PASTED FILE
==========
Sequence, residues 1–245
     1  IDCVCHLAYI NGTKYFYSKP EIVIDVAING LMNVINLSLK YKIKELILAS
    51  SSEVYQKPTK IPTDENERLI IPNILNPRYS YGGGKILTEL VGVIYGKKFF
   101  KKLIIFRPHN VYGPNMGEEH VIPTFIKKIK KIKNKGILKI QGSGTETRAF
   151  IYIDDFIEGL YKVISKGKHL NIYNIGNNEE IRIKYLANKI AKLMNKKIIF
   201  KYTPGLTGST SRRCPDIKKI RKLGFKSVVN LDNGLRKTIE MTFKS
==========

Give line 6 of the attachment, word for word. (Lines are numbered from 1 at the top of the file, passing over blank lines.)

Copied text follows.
   201  KYTPGLTGST SRRCPDIKKI RKLGFKSVVN LDNGLRKTIE MTFKS